Today, the Human Jesus Matters

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I wrote A Man Attested by God because I had an academic answer to an academic question. Given early Judaism, and how it depicts it God and its human heroes, how do we best understand the identity of Jesus in the Synoptic Gospels?

But once we’ve got the Jesus story straight there results a rich overflow of ramifications for what God is up to in the world and what it looks like for us to be part of it. As I have tried to get my head around both what it looks like to faithfully follow Jesus and what we as Christians can say that actually matters at this critical moment in our nation’s history, two of those results come to mind.

Today, the human Jesus matters. Here’s why.

God’s Commitment to the World

In the foundational story of scripture God creates humanity and gives us a job to do. God’s purpose for people is that faithful humans would take charge of the world and rule over it.

The creation narrative of Genesis 1 depicts what kind of rule God might have in mind: it is a life-giving, power-sharing rule. God directs the creation to create (“bring forth!”). The immense, sovereign power over the creation that simply speaks it into being is delegated. The sun and moon rule the light.

And humans rule the earth.

One of the reasons that the affirmation of Jesus’s humanity is so critical is that it shows us that God has not given up on God’s intended purposes for the world. God wanted a faithful people whose rule would be so life-giving and faithful that anyone looking at humanity would see the face of God. This is what it means to be created in the image of God.

Conversely, the problem with looking at Jesus’s life on earth and resurrection enthronement as a function of his divinity is that it concedes that human power to screw up the world is stronger than God’s power to bring God’s purposes to fulfillment.

The human Jesus stands as a testimony to the fact that God’s commitment to, and power over, God’s created world is greater than our ability to screw it up. God is not preparing some Plan B: Emergency Evacuation to turn us all into Gods/angels and transport us to heaven. God is restoring Plan A, recreating humanity for a (re)new(ed) earth.

I need that today. As I watch the newly minted four-hour news cycle churn out disaster after disaster, I need to know that God’s power over and commitment to this world is greater than our human ability to screw it up.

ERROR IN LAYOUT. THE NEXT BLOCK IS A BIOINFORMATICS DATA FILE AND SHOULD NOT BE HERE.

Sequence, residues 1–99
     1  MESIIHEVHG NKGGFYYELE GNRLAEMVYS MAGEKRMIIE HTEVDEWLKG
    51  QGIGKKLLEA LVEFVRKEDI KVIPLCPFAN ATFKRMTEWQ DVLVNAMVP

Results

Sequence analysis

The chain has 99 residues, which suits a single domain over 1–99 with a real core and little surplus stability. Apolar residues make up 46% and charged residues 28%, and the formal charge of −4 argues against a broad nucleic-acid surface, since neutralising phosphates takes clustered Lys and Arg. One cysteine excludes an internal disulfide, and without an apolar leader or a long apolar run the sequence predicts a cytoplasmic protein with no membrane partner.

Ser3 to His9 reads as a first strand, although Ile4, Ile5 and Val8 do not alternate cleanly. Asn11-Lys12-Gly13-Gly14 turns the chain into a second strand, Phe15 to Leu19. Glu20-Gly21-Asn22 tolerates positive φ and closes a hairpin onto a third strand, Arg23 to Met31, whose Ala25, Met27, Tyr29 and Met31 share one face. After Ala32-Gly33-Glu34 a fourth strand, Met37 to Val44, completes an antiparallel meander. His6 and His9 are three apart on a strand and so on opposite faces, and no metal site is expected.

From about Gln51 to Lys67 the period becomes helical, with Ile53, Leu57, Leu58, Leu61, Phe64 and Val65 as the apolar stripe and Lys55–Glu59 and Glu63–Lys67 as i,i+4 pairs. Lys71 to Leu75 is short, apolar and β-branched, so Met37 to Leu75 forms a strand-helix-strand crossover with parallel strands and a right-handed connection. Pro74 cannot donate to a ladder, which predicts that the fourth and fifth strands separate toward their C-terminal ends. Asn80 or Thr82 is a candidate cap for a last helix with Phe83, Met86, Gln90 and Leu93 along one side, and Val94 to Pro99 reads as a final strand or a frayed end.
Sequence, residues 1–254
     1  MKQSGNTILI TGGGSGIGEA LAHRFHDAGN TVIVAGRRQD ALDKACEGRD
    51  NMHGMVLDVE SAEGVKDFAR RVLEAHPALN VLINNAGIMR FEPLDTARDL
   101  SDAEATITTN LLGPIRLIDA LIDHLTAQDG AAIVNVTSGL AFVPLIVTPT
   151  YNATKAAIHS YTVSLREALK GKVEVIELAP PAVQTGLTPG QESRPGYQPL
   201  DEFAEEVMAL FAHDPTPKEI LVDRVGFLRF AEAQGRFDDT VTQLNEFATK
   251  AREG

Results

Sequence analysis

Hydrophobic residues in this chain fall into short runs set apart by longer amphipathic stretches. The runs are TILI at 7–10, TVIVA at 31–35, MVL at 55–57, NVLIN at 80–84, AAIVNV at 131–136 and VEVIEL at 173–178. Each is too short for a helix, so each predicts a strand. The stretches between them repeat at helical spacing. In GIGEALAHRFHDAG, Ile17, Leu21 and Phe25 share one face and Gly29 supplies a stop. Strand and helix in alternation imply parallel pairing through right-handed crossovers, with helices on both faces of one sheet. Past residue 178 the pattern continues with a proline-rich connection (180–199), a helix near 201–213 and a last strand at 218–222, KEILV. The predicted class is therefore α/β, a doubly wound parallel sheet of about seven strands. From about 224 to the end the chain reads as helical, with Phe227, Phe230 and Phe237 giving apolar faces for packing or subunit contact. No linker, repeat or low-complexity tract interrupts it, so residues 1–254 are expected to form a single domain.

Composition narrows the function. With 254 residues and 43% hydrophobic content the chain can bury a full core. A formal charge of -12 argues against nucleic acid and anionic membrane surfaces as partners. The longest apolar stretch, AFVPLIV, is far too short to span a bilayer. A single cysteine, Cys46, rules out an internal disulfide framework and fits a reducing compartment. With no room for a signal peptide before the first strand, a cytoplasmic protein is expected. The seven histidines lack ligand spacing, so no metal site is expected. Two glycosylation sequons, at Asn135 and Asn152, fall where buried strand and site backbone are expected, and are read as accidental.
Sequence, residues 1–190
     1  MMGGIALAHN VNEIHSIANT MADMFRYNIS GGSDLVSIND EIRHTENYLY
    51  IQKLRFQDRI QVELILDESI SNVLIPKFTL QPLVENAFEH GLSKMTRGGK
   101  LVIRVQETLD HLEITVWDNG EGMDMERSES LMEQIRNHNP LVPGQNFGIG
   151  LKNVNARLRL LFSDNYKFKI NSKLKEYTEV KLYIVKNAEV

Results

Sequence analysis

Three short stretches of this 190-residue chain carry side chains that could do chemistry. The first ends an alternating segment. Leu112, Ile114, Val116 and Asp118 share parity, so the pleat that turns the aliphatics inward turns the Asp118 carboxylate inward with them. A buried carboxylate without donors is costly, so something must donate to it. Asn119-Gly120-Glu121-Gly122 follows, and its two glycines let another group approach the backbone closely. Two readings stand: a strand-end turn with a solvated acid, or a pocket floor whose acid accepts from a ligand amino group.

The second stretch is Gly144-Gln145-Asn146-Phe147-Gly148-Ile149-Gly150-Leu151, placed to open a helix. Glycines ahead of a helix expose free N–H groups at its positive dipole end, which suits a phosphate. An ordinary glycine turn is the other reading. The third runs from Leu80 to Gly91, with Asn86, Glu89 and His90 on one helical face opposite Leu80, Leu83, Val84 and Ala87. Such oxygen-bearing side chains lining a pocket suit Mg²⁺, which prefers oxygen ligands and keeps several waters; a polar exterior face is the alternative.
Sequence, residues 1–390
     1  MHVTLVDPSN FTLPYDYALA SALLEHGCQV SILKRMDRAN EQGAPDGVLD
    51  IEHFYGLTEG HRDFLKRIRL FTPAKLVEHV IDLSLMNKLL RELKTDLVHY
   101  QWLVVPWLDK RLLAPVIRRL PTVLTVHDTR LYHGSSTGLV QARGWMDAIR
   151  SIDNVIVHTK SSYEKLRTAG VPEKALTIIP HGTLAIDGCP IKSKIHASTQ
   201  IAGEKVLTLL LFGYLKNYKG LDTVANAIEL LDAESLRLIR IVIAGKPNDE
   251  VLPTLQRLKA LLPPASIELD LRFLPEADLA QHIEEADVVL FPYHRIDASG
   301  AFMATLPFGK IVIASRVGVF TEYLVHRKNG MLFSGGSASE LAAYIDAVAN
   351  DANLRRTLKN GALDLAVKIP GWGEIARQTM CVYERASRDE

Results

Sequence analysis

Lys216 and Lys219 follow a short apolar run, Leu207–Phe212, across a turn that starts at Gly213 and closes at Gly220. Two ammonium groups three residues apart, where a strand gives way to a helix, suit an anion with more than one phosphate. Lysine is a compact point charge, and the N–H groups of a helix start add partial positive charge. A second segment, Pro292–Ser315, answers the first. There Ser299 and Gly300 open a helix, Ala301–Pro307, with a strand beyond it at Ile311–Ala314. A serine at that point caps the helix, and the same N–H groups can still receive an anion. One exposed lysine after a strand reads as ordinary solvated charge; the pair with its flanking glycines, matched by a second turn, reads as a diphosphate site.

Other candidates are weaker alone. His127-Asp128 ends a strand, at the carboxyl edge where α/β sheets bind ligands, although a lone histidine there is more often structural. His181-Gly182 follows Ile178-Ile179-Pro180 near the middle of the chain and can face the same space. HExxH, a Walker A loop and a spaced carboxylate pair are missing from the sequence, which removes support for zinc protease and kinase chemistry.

God Uses Us

Once you’re dialed into the fact that Jesus is doing what he’s doing in the Gospels because he’s The Man you are in a position to look at the other humans with fresh eyes. You’ll start to see that the other people do, or are called to do, everything that Jesus himself does.

You might start to notice that Jesus doesn’t feed the 5,000. He tells the disciples, “You give them something to eat.” And the story doesn’t end until the disciples give the bread and fish to the people.

You might start to notice that the preacher, teacher, and exorcist calls people to be with him and to be given authority to preach and to exorcise.

The reign of God is brought near by Spirit-empowered, Jesus-following humans faithfully proclaiming and enacting the justice and power of God.

Growing up, one of the favorite ways my forebears sometimes chided the overly pious was to say, “He’s so heavenly minded that he’s of no earthly good.” The human Jesus is too earthy to let us get away with that.

The human Jesus sends other humans to be and do what he himself was and did. This is the drawing near of the Kingdom of God. Not merely the presence of the king. Not merely the power of God’s reign. But also citizens of the kingdom who live and act its ways on the earth.

Or, “Your kingdom come, your will be done on earth.”

The Shape of the Story

If we follow Jesus, most of us are not going to end up on a ballot. The reign of God did not come from above, by an imposition. It bubbled up from below. From a series of invitations. From courageous acts of embrace. From powerful hands undoing captivity. From broken bodies being healed.

In other words, the whole life of Jesus was a protest against the life-sucking powers of the world before Jesus ever occupied the Temple and with his table-turning and sit-in. But both forms of life-giving loving protest moved the powers-that-be to a murderous rage.

We are not going to bring about the reign of God on earth through political action. That trap has ensnared more than one generation of the would-be faithful.

But we can hope. We can hope because God has not given up. God has not given up on this world. God has not given up on the place of humans upon it. God has not given up on using people to make God’s lovingkindness known in the world.

 

Image: “The Kids Are Alright” | © Phil Roeder | flickr | CC 2.0

About J. R. Daniel Kirk

Daniel Kirk writes and speaks about the big story of the Bible and how it intersects with life, faith, and culture. He earned a Ph.D. in New Testament from Duke University and taught in a variety of institutions over a ten-year teaching career. He lives in San Francisco with his wife Laura and two school-aged children. His back yard has been overrun by chickens who have no interest in being confined to their designated space, and his refrigerator is regularly stocked with his homebrewed Cursing Reverend beer.